Employers today are likelier than ever to offer flex-work, or flexible working arrangements, like variable schedules, telecommuting, or core hours. In a recent survey by the Conference Board of Canada, more than 85% of employers said they offer some form of flex-work to their employees.
Despite this generosity, uptake from employees often falls short—the same survey found that less than 40% of employees actually use the flex-work options their employer offers. And yet flexible working arrangements are a consistent draw for candidates, with a flexible schedule consistently ranking high in desirable features for a job—often just behind competitive pay and good culture. So if lots of employers offer it, and lots of employees want it, why don’t more employees actually use flex-work?
Two of the biggest reasons why employees don’t use flexible working arrangements even when they’re available are lack of awareness or lack of interest. Obviously an employee can’t make use of an option they don’t know is available, and properly communicating the options that are available is the responsibility of the employer. However, employees also won’t use what they don’t want, so some of the lack of uptake is attributable to employers developing programs that don’t meet the actual needs of their employees.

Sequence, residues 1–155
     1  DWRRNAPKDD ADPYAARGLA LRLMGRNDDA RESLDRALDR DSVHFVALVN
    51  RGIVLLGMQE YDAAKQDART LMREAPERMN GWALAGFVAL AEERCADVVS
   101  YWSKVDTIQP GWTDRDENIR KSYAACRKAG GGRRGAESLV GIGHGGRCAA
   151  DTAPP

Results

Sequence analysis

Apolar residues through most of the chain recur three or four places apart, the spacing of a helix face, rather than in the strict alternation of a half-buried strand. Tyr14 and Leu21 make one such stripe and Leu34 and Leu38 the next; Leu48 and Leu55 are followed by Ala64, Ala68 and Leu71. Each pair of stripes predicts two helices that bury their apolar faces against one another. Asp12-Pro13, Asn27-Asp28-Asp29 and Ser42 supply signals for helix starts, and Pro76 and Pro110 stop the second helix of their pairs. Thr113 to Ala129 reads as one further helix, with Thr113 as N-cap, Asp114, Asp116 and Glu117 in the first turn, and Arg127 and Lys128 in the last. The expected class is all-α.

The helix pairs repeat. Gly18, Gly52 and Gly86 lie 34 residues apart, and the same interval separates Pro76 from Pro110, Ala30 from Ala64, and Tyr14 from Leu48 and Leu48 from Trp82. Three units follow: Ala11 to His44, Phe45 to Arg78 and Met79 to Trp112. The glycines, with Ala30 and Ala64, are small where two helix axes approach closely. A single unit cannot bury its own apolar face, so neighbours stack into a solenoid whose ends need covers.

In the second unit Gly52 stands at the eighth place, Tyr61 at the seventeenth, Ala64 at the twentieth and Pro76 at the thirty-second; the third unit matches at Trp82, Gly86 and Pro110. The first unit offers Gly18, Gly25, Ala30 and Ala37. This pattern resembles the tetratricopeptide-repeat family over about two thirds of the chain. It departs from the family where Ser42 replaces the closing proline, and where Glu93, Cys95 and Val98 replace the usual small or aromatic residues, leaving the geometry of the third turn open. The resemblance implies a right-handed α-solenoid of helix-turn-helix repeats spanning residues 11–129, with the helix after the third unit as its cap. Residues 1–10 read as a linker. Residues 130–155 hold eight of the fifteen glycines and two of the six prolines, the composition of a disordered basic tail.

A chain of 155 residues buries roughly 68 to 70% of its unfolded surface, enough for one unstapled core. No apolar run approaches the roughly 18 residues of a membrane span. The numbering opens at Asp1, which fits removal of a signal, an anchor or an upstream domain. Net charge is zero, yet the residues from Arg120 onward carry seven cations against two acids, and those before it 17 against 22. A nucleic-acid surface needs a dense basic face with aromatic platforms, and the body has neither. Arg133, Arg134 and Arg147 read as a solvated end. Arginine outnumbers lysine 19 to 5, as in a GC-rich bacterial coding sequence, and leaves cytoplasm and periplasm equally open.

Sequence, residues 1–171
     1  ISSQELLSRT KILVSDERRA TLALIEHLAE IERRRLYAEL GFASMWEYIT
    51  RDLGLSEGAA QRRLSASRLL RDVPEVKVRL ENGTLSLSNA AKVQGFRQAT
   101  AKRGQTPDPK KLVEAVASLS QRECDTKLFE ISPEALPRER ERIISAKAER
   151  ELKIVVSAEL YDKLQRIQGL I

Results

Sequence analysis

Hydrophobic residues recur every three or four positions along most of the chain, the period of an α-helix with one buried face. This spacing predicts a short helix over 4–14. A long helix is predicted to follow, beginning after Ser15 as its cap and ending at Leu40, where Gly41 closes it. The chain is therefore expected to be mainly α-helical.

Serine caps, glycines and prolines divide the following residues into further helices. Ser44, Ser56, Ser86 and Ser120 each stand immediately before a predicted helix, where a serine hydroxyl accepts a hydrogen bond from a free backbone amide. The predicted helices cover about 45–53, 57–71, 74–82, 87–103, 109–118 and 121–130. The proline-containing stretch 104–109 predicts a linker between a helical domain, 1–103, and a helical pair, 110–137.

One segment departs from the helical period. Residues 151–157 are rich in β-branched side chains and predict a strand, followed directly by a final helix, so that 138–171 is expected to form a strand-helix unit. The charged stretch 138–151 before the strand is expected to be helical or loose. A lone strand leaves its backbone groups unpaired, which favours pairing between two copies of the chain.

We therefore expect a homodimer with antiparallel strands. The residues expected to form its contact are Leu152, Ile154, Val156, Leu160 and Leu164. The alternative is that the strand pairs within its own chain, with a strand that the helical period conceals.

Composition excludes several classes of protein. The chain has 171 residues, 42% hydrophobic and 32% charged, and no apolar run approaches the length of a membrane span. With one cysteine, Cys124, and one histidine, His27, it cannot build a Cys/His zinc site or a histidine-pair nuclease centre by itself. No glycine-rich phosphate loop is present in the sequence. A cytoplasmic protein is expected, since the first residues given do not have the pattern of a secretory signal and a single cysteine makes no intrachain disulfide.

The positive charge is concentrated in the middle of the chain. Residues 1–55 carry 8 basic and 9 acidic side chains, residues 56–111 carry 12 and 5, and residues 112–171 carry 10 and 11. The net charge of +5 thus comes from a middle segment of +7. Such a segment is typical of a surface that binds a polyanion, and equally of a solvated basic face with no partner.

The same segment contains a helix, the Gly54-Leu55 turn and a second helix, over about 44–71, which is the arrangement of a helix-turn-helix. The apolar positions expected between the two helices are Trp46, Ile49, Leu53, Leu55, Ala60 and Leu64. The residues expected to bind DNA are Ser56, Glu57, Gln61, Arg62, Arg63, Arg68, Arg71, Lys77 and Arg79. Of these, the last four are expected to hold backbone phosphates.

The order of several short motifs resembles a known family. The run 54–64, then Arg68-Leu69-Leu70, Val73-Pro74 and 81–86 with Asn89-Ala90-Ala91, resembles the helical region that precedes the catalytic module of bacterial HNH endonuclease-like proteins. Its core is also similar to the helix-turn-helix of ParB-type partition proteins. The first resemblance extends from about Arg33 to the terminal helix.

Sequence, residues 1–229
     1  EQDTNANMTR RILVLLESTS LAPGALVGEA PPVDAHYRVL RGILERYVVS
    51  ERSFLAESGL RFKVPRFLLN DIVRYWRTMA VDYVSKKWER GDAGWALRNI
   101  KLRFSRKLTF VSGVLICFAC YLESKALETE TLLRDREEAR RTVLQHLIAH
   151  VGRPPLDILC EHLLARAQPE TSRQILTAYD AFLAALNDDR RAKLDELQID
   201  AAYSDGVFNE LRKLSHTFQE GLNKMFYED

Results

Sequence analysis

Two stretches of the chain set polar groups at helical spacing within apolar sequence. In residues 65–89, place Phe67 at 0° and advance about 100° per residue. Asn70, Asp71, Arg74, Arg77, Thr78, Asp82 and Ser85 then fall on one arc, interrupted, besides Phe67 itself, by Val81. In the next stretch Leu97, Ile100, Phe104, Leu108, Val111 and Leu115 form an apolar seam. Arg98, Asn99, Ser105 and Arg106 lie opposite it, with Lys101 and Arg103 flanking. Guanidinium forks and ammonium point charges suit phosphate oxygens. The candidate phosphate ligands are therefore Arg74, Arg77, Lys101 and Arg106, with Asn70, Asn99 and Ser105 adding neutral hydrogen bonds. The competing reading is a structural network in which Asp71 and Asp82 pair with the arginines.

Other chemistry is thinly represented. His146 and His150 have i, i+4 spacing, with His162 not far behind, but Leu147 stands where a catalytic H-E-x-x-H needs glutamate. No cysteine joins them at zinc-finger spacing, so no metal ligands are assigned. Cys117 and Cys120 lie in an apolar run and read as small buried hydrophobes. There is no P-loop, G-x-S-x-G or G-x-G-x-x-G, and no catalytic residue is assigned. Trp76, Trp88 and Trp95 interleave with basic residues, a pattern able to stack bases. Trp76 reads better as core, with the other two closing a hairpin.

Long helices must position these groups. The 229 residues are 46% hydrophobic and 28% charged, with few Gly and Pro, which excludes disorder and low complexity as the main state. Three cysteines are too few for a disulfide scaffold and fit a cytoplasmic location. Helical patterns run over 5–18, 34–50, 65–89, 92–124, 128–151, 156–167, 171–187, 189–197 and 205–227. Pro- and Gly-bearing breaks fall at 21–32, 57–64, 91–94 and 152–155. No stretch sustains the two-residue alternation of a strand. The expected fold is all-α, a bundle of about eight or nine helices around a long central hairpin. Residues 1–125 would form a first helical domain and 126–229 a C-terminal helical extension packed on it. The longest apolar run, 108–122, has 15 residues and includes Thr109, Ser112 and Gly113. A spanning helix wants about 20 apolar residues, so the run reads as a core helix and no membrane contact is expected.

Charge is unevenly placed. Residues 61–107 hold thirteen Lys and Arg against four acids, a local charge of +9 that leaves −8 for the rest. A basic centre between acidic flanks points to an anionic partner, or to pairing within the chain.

As with any program employers develop to improve wellness and engagement—and therefore retention rates—it’s necessary to identify and overcome barriers to adoption. Putting time, thought, and effort into developing and establishing a program for your employees comes to nothing if your culture or practices interfere with their using it.
Times are changing and more companies are adopting some version of flex-work, but not all situations are the same. Download our Flex-Work Guide for suggestions on how you can make sure that your flexible work arrangements have the effect you want.
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